# Show that $(Y,||\cdot||_Y)$ is a Banach space

Let $$(X,||\cdot||_X)$$ be a Banach space and $$(e_n)_{n\in\mathbb{N}}$$ a Schauder basis of X. How can I prove that $$Y:=\{\alpha:\mathbb{N}\to\mathbb{R} \space| \lim_{N\to\infty}\sum_{n=0}^N\alpha_n e_n \;\text{exists}\}$$ is a Banach space with the norm $$||\alpha||_Y:=\sup_{N}||\sum_{n=0}^N\alpha_n e_n||_X$$.

Especially how can I show that $$||\cdot||_Y$$ is complete. So far I could only show that if we have a Cauchy sequence $$(\alpha^{(l)})_{l\in\mathbb{N}}\subset Y$$ then we have pointwise $$\alpha^{(l)}_j\to\alpha_j$$ as $$l\to\infty$$ for some $$a_j\in\mathbb{R}$$. This way one can define $$\alpha:\mathbb{N}\to\mathbb{R}$$. But I don't know how to show $$\alpha^{(l)}\to\alpha$$ as $$l\to\infty$$ in $$||\cdot||_Y$$.

• Maybe you can show $Y$ is isomorphic to $X$, via $\alpha \mapsto \sum_{n=1}^\infty \alpha_n e_n$. Commented Mar 10, 2022 at 11:48
• Outline: Take your Cauchy sequence, and choose $r$ so that $\Vert \sum_{i=1}^n (\alpha_i^{(p)}-\alpha_i^{(r)})x_i\Vert$ is small for $p>r$. You may also make $\Vert \sum_{i=n}^m \alpha_i^{(r)} x_i\Vert$ small for $n,m$ sufficiently large. This implies $\Vert\sum_{i=n}^m \alpha_ix_i\Vert$ can be made small. It then follows your sequence converges to $(\alpha_i)$ in $Y$. Commented Mar 10, 2022 at 13:56

Define $$\Lambda: Y \to X: \alpha\mapsto \lim_{N\to \infty}\sum_{n=1}^N \alpha_ne_n.$$ We show $$\Lambda$$ is an isomorphism.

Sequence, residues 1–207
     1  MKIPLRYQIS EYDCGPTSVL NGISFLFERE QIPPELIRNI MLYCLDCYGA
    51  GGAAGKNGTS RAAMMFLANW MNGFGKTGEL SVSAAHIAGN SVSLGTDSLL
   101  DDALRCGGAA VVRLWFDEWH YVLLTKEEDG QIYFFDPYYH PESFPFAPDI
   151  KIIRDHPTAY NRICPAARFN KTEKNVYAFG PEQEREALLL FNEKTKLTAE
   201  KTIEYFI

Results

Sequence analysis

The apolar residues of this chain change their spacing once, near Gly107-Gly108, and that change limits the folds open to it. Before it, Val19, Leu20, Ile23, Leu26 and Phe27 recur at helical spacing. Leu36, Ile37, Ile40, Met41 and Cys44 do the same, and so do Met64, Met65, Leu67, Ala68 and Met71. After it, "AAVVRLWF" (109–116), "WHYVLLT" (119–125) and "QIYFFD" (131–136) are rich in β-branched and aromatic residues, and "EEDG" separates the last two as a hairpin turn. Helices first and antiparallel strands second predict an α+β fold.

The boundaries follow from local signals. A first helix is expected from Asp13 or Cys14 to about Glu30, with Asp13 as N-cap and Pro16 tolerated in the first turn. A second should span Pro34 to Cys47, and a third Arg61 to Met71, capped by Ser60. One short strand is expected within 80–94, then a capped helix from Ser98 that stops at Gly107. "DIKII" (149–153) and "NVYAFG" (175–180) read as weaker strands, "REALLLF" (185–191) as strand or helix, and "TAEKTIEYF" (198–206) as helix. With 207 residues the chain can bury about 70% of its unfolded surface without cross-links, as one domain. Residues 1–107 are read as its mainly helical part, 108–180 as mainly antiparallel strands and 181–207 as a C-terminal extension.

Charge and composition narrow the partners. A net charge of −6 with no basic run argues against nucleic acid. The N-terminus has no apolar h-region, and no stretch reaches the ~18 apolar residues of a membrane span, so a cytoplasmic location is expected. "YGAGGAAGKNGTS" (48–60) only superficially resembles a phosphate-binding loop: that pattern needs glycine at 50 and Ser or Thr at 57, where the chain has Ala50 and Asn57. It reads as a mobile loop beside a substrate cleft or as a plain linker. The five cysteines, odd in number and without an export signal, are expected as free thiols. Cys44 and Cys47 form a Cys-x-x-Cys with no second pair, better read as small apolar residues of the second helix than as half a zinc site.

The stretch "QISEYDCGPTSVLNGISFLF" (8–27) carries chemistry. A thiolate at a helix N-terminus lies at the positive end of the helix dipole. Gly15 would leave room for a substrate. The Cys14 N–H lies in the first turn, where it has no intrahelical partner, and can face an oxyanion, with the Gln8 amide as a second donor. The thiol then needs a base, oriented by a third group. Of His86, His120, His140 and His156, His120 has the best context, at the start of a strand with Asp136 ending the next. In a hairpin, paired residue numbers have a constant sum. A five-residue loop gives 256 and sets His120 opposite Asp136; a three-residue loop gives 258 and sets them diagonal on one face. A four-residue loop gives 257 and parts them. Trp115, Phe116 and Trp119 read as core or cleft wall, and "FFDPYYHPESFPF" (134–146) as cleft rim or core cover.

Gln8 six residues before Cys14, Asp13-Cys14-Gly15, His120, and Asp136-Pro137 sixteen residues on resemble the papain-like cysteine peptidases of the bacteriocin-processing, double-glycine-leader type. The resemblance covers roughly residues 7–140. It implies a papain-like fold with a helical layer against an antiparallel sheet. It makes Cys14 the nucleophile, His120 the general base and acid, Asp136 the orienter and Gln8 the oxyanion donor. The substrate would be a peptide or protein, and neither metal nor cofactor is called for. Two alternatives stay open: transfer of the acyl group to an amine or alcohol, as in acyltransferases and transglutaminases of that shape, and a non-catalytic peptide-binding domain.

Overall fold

• By the definition of $$Y$$-norm, $$\Lambda$$ is contractive, hence continuous.
• $$\Lambda$$ is onto, since {$$e_n$$} is a Schauder basis.
• $$\Lambda$$ is injective. Assume $$\Lambda \alpha =0$$, that is $$\sum_{n=1}^\infty \alpha_ne_n=0$$. Again, since {$$e_n$$} is a Schauder basis , the $$\omega$$-linear independence of $$\{e_n\}$$ gives $$\alpha_n=0$$ for all $$n$$.
• It remains to show $$\Lambda^{-1}$$ is bounded. This is the key step. The following proposition is an equivalent definition of Schauder basis.

Proposition: $$\{e_n\}$$ is Schauder basis if and only if it is $$\omega$$-linear independence basis, and there exists a constant $$C>0$$, such that $$\|P_N\|\leq C$$. Here $$P_N$$ is the projection $$P_N:X\to X: x=\sum_{n=1}^\infty \alpha_n e_n \mapsto\sum_{n=1}^N\alpha_ne_n.$$

With this proposition we see $$\|\Lambda^{-1}\|\leq C$$.

Remark:

1. above proposition is not trivial. It can be found in text books and I will add references later.
2. You can't use Banach inverse operator theorem to replace the fourth step, since we don't know $$Y$$ is Banach yet.

One reference is Topics in Banach spaces theory, Proposition 1.1.9. As David Mitra said, it this proposition may equivalent with that $$X$$ is isometric to $$Y$$. I'm sorry for not checking it when I post this answer. Anyway, this book will provide a self-contained proof to your question.

• Showing $Y$ is complete can be done without the result that the $P_n$ are uniformly bounded (in the treatments I have seen, the boundedness result is proved using the result that $Y$ is isomorphic to $X$). Commented Mar 11, 2022 at 6:44
• Thanks. Can you add a reference? Commented Mar 21, 2022 at 21:54
• @LordOfNumbers I just edit it and add a reference :) Commented Mar 22, 2022 at 5:50